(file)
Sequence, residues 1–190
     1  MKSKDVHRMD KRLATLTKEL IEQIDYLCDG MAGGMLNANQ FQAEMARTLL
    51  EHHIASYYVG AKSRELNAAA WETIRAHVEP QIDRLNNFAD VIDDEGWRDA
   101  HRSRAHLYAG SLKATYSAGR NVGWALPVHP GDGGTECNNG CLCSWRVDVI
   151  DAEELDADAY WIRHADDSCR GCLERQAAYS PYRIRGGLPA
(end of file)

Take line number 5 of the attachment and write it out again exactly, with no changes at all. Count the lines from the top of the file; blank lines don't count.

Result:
   151  DAEELDADAY WIRHADDSCR GCLERQAAYS PYRIRGGLPA